November 9, 2019, marks the 30th Anniversary of the Fall of the Berlin Wall.
In 1961 when most of the West Point Class of 1969 were enjoying their first heady experiences of high school, construction began on a wall that would split Berlin into two distinct and isolated sectors. This event, emblematic of the greater divide between Communist Europe and the free West, was probably little noticed by those teenagers, but it had huge implications in the way they would come to see the world and serve their country over the next thirty plus years.
With apologies to Charles Dickens for playing on the title of his classic novel, “A Tale of Two Cities,” our story is two tales of a city divided and ultimately reunified. Dickens began his tale with the memorable line, “It was the best of times. it was the worst of times…”. Our story begins, “It was the worst of times…”
SIDEBAR: The Wall
By 1961, more than 3.5 million East Germans (about 20% of their population) had fled communist occupation for freedom in the West, frequently exiting through Berlin. The Soviets and East Germany, fearing the exodus would only get worse, began a second blockade of the city, dividing Berlin into two cities. This time they succeeded.
Construction of a barrier began on 13 August 1961, sealing off West Berlin into a virtual island within Soviet controlled East Germany. Consisting of concrete walls, barbed wire, guard dogs, bunkers, guard towers with machine guns and a death strip or no-mans-land of anti-vehicle trenches, this impenetrable Wall dramatically symbolized the “Iron Curtain” that separated East Germany and other Soviet bloc countries from the West.
Over the next 28 years, approximately 5,000 citizens of East Berlin managed to escape and at least 140 were killed attempting to gain freedom. Then, on 9 November 1989, when East German authorities, through an extraordinary confluence of events, announced that it would allow limited visits to West Berlin, masses descended on the Wall, breaching the barrier. On 22 December 1989, the Brandenburg Gate was opened. Official demolition of the Wall began on 13 June 1990 and finally ended on 3 October 1992.
“It was the worst of times.” Vietnam was winding down and the Army in Europe was suffering morale and serious drug problems when I arrived fresh from a combat tour in Vietnam for a three-year assignment at Herzo Base, Headquarters of 210th Field Artillery Group, outside the town of Herzogenaurach, West Germany. In 1973, while commanding C Battery, 1st Battalion, 33d Field Artillery (a nuclear-capable Honest John Rocket firing battery) I decided to give my troops a hands-on lesson to explain why we were in Germany and to see the face of our adversary, up close and personal. I knew there was no better place for troops to learn that lesson than Berlin, the epicenter of the Cold War. Having gained command approval for this “adventure training” and receiving official transportation orders, I gathered a group of soldiers and wives for a memorable trip … and my first view of Berlin.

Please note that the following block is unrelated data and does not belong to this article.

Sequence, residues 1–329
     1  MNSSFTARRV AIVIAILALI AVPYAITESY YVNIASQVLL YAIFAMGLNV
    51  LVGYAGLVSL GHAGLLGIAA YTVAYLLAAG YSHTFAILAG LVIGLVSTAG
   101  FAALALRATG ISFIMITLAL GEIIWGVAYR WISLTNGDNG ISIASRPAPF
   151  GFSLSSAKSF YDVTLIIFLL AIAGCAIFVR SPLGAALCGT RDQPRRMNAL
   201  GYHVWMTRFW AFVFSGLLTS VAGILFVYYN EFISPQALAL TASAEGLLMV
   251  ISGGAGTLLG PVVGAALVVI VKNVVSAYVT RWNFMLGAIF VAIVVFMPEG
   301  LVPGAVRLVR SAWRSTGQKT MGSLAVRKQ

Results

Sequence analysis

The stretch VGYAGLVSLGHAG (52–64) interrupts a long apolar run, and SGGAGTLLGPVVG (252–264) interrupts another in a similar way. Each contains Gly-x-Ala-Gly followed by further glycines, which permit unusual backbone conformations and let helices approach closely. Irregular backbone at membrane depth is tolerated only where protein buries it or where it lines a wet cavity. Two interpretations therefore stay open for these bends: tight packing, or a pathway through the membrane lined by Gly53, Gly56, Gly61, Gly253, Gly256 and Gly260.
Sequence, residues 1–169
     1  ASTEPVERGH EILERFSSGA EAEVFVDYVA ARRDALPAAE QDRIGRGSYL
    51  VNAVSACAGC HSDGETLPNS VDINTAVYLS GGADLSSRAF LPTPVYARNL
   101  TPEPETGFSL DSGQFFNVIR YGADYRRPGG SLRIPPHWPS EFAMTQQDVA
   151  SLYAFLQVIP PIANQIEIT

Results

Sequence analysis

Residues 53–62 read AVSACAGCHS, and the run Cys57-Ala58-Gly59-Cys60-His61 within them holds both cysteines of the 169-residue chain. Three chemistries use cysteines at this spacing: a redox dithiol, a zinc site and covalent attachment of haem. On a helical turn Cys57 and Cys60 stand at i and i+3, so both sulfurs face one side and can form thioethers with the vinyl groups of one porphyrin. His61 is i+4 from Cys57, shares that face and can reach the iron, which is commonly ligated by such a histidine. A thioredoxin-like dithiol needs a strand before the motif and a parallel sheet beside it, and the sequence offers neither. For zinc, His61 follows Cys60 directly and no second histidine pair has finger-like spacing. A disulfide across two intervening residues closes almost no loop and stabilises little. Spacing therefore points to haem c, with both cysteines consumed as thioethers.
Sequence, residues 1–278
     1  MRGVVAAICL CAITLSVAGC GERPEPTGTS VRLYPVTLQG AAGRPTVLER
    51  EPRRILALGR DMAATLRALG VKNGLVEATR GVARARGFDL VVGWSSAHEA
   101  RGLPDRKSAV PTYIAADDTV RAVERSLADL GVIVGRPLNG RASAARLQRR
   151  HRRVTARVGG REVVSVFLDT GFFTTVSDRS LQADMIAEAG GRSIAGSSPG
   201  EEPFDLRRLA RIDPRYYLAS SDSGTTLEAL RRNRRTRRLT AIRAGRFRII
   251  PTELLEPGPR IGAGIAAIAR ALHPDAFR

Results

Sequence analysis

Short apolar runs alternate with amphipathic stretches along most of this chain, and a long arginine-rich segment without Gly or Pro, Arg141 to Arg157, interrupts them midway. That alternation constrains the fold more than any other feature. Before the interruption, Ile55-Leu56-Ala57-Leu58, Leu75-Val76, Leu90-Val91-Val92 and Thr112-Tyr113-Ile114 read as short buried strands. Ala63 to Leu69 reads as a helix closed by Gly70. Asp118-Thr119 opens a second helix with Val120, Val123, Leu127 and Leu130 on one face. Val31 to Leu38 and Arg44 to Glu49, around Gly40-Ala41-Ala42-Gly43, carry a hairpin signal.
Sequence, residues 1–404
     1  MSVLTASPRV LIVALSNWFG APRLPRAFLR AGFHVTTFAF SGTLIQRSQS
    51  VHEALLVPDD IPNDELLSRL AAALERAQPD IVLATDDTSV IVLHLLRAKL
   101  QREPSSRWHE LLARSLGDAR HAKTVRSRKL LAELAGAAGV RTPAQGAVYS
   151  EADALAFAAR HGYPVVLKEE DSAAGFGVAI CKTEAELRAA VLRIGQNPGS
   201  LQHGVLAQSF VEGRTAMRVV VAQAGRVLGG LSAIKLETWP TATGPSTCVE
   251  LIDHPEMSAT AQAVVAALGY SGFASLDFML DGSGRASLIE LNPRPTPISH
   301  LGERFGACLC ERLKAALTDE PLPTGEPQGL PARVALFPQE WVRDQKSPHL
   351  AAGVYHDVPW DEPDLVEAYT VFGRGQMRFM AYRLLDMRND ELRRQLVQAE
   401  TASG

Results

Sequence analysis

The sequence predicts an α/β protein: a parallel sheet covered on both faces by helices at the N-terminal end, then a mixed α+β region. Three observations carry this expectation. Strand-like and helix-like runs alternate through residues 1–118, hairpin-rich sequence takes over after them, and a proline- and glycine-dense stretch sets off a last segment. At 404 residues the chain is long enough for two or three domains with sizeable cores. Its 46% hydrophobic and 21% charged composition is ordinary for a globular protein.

During that time in order for active duty soldiers to travel to Berlin, special military travel authorization had to be issued by the US Army Europe Headquarters, translated in Russian and French. These “Flag Orders” (so called by the US flag header atop the orders – see inset, below) remained in our personal possession throughout our visit and were carefully checked by East German guards. With these orders in hand, we boarded the “Duty Train” at the Frankfurt Bahnhof (main train station) on 5 October 1973 late in the evening and traveled in darkness (as required by Communist authorities) through East Germany to West Berlin, arriving early morning on 6 October. We travelled with shades drawn at all windows and as we crossed into East Germany, the train stopped for our orders and ID cards to be checked. Although we each were assigned old-fashioned, private couchettes with bunk beds, no one fully relaxed, or, in my wife Sally’s case, changed out of street clothes.
On arrival in West Berlin, we checked into military lodging and began touring a vibrant city, whose citizens hustled energetically along busy streets to offices, restaurants, and homes brightly lit at night in stark contrast to her surrounding neighbors in East Berlin shrouded in darkness. Our first view of the famous Brandenburg Gate, blocked by the ugly Wall, was one I never forgot. For me, it embodied the hatred and fear of malignant Communist tyranny determined to oppress its people and to spread its cancer across the globe. I was proud then, as now, to be an American soldier dedicated to preserving the freedoms of the West and protecting those in need.